photograph showcase

Photograph Showcase: Seeing Grandpa Costello’s Smile

COSTELLO, John and Mary family 1950 Chritmas time
John & Mary Costello Family, 1950, Spokane, Washington

Do you see that happy Grandpa sitting front and center with one of his sweet grand-babies kissing the top of his head?  Do you see that beautiful and happy smile on his face?

Well so do I!!


I have seen two other photos from this particular sitting.  In both of them, Grandpa Costello is not looking at the camera.

So imagine my delight when my sister brought this photo to me.  For the first time ever, I was seeing a photograph of my Great Grandpa Costello looking at the camera and smiling.  Really smiling.  <3

But I have to give credit where credit is due.  See that lovely, happy woman on the back row on the far right?  That is my grandaunt Barbara.  She sent my sister home with a bundle of photos for me to scan.  This little treasure was amongst them.

I am so grateful to Aunt Barbara for sharing and especially to my sister for making an impromptu visit to our Aunt.

If you’ve been reading along for a while you may remember that I discovered 7 seconds of video of Grandpa Costello earlier this year.  In that video Grandpa is definitely smiling, so this photo isn’t the first time I’m seeing his smile, but it is the first high quality photo with his smile.

I think that the important lesson in all of this is that we can’t ever consider our efforts “done”.  I’ve talked to Aunt Barbara several times over the years.  I’ve visited her in her home and interviewed her and Uncle Dan.  I’ve exchanged letters asking questions.  But this past Spring I specifically sent her a letter asking if she had any photos of Grandpa Costello that I might scan.  Because of my letter, she had gathered a small group of photos and then had them all ready to send with my sister when she visited.  Her bundle included several photos of my Great Grandpa Costello that I had never seen.  That my mom had never seen.  These photos may have NEVER made it to my branch of our tree if I hadn’t thought to ask Aunt Barbara about photos of my Great Grandpa Costello.

So, keep asking questions of your oldest living relatives.  I thought I had gleaned every detail I could from Aunt Barbara.  I hadn’t.  I wonder what else I might learn the next time I visit her?


Happy Thursday, I hope you think of a great question to ask one of you oldest living relatives today!




ps – Because only three family members in this photo have passed on, I am not labeling this photo here.  If you are a family member and want the names, shoot me an email.  I will add a detailed description of the photo in my private Ancestry tree.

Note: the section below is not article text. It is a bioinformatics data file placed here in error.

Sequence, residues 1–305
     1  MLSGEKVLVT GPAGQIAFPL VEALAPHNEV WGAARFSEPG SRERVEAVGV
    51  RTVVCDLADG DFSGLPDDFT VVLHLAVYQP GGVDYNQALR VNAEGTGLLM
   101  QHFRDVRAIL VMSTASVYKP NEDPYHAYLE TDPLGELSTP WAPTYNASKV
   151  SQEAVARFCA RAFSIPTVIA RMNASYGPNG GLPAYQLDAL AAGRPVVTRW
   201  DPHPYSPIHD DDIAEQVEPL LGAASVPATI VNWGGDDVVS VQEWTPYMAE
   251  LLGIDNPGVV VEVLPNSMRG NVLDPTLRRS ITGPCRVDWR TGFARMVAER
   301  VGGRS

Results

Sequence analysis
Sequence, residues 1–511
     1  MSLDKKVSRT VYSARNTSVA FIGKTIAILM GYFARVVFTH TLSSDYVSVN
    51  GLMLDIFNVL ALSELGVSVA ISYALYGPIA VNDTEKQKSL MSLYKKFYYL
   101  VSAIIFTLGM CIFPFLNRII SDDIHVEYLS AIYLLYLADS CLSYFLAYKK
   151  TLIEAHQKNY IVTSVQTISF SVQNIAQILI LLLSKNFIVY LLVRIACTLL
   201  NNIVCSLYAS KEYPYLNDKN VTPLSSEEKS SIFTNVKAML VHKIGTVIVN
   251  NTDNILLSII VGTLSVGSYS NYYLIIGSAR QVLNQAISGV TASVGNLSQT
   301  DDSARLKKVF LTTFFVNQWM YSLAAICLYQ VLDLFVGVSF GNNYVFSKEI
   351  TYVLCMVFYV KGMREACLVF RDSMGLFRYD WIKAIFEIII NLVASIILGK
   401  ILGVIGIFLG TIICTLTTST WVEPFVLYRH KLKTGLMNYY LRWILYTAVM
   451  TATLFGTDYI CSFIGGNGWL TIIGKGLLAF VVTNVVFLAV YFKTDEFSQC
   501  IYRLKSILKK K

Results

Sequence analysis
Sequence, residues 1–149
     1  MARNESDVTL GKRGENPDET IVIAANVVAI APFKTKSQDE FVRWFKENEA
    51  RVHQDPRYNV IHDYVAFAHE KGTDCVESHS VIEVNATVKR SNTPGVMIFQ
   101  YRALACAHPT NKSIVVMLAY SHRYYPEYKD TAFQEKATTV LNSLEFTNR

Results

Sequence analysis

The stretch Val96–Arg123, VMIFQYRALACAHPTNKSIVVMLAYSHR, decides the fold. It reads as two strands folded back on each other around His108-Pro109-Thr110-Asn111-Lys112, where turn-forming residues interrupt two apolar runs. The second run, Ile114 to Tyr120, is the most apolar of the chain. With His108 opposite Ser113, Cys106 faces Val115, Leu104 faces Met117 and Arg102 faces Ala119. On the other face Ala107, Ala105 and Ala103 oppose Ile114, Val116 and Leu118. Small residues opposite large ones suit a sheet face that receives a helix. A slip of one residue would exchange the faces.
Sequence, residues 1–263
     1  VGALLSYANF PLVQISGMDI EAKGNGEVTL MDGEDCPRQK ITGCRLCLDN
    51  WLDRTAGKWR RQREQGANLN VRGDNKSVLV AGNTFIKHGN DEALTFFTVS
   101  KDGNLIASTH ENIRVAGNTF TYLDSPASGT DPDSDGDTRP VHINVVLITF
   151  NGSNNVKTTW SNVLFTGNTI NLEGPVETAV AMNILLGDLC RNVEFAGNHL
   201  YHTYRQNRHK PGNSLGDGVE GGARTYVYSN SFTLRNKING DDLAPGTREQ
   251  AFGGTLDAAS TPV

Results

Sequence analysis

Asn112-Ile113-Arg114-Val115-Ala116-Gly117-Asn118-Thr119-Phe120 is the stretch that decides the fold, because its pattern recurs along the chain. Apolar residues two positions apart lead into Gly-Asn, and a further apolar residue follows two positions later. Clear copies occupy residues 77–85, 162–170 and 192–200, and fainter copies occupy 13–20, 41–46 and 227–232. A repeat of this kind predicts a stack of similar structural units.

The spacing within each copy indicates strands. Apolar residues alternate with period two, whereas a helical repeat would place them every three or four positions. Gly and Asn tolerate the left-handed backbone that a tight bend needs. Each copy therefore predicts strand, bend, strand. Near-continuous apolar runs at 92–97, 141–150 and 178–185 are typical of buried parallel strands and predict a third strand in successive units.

17 thoughts on “Photograph Showcase: Seeing Grandpa Costello’s Smile”

  1. The one recurring question I always ask is “How did you do it?” whenever I think of the world turmoil in past decades. My late grandmother gave me the best answer: “I woke up and did what I had to do for those depending on me.” Which is a good piece of advice I recall whenever I want to sleep a day away or avoid reading the news.

  2. I love this photo! Looks like the baby is trying to kiss Grandpa’s head. Adorable!

    I always love seeing new photos of family members. Just recently, a distant relative shared the first photos I have ever seen of my 4th great grandparents. It was so special!

    1. Thank you Katie! That is really special. One of my favorite “family history photo” moments was when I connected with my Grandpa’s 1st cousin and discovered that there were photos – lots of photos – of our shared Scottish line. I had been researching that line for several years and knew and loved those ancestors so well. When I got to see so many of their faces for the first time, I cried. The top of my piano is covered in photos, but most of them come from that exchange.

  3. Wonderful photo, and I can appreciate your excitement! I sure wish I had more older relatives around to ask questions, and I wish even more that I had been smart enough to ask those questions when those relatives were still alive. I am just lucky that my parents are both still living, but as the youngest siblings in their families where their mothers were younger siblings also, that limits what they themselves know and remember.

    1. Thank you Amy! Descending from a few “youngest”s in a row does greatly reduce the family stories/memories that are passed down. I will say that despite really starting my genealogy journey at the age of 21, I still wish I had asked certain questions of certain people who are now gone. No matter how much you do ask/accomplish, there is always more that could be done. Just like no matter how many questions you solve in your research, the question list only gets longer. We genealogists are the most loving, and greedy folks around. No matter how much we get/learn/inherit etc, we always want more! 😉

  4. Of course he is smiling, look at the wonderful family he has gathered around! Great post & great reminder that those around us may hold more family treasures than we realize. I will be seeing my oldest uncle today. I think I’ll ask him about photos.

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